SAN FRANCISCO, June 23 — Reduce, reuse and recycle in a game of billion-dollar debt, junk spaceship reclamation and life-saving DNA clones.
Launched on June 16 for Windows PC as part of an intensive public development programme, Hardspace: Shipbreaker puts players into orbit above a wasteland earth, providing them with a sequence of space ships to take apart using advanced energy tools.
Lynx Corp has rescued them for certain death but charged them heavily for the privilege: 999,999,999 credits’ worth of debt, fealty in continental elections, and compulsory employment as a salvage yard worker.
Held together by industrial girders like an enormous 3D puzzle, each ship contains hard-to-get valuables by way of explosive, unstable, or electrically charged components.
The lure of equipment upgrades, backstory fragments, and lucrative hidden discoveries push players onwards, encouraging them to think strategically, to navigate and manipulate complex 3D structures, and to work steadily and methodically to achieve their aims.
Then, when their short 15-minute shift is almost over, or a disastrous error throws existing plans asunder, it’s time to get things done more quickly, more accurately, and more riskily than ever before.
If the Shipbreaker name sounds familiar, it could be because Canadian developer Blackbird Interactive had previously proposed Hardware: Shipbreakers as its debut title, a revival of the late 90s space flight strategy Homeworld.
That project eventually became 2016’s Homeworld: Deserts of Kharak, with Blackbird reviving the original name for this latest excursion into the great beyond.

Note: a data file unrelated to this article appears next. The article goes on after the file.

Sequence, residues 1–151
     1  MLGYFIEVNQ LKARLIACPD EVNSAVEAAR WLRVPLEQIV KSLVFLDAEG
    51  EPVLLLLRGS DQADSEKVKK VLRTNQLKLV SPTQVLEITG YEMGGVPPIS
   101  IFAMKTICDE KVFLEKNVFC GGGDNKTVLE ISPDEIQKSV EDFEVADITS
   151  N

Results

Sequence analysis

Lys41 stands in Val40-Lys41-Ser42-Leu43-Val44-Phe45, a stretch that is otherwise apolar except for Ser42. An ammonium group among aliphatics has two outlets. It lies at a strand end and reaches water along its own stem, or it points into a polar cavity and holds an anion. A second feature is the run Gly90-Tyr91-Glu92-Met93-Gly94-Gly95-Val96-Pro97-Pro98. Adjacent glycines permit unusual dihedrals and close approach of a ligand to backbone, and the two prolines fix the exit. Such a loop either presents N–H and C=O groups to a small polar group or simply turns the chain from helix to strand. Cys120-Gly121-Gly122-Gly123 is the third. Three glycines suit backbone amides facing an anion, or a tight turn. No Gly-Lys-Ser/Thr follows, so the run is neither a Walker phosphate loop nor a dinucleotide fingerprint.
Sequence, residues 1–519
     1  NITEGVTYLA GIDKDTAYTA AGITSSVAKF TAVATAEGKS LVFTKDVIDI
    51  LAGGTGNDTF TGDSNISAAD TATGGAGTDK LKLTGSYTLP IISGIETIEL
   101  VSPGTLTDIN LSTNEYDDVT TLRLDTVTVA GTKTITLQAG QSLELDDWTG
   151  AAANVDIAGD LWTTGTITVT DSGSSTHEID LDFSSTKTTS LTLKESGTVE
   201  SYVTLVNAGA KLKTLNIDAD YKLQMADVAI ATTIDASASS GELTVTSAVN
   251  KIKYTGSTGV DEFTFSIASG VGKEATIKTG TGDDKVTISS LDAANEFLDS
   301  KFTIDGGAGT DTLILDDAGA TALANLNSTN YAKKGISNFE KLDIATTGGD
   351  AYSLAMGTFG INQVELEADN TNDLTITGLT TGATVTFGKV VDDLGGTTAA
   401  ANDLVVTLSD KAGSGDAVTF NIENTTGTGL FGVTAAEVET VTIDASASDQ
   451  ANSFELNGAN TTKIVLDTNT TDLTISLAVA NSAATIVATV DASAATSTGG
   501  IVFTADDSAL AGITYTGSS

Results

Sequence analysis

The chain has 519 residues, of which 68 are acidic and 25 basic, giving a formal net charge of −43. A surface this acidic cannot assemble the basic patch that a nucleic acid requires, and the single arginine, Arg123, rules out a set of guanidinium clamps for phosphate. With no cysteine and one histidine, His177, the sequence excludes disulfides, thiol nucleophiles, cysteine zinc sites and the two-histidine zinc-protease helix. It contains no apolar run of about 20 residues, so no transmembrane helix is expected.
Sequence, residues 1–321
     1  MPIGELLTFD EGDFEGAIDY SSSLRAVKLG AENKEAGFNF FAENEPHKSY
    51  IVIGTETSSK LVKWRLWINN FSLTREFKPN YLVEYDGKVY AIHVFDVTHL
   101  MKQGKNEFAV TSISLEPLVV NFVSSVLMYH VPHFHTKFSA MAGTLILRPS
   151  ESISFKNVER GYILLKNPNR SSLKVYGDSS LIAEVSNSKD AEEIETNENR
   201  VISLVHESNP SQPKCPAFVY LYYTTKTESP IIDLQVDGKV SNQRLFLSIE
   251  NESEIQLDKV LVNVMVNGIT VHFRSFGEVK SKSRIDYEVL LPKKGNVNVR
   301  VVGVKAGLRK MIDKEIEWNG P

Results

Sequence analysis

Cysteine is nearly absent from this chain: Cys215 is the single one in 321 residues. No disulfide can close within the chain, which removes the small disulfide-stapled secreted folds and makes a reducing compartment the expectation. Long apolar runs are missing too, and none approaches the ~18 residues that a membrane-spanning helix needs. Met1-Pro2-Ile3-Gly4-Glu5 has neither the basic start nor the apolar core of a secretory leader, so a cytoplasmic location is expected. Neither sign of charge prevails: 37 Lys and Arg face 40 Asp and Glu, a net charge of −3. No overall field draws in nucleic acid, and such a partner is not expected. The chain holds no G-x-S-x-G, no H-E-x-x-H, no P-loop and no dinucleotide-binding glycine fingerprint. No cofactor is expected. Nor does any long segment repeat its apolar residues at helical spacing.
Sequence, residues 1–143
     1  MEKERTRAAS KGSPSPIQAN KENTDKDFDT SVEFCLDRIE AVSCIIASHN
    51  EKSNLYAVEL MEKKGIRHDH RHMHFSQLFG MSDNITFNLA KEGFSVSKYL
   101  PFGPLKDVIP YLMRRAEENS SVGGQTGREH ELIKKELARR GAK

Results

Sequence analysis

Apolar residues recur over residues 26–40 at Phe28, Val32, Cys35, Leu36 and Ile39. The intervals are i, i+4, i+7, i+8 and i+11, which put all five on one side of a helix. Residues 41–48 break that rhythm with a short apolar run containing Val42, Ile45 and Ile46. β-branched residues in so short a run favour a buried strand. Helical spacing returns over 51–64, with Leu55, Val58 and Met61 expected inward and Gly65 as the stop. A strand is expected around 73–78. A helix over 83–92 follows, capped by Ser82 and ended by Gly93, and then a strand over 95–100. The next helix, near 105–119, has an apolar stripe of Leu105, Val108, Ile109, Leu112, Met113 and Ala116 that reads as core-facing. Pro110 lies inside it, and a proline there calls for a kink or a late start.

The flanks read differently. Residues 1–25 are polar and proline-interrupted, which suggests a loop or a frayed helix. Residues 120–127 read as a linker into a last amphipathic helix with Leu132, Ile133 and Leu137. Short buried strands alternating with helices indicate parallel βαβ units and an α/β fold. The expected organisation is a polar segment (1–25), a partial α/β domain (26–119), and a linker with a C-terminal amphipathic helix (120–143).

Blackbird intends to keep the PC version in Early Access until mid-2021, and has announced console editions for PlayStation 4 and Xbox One “soon”; it’s not spelt out, but the 2021 timescale overlaps nicely with late 2020 launches for the PlayStation 5 and Xbox Series X.
As for multiplayer, Blackbird is concentrating on building out Hardspace: Shipbreaker as a singleplayer experience to start with.
At this early stage, full multiplayer would slow core development too much, despite the team’s enthusiasm.
In the meantime, there are plans to implement global leaderboards, regular contests, daily challenges, and user-generated content.
Yet with Hardspace: Shipbreaker notching top-five placements on the Steam and Humble Store charts since release, it’s not hard to imagine that similar success on console would follow, providing fuel for Blackbird’s vision of simultaneous multiplayer in the not too distant future. — AFP-Relaxnews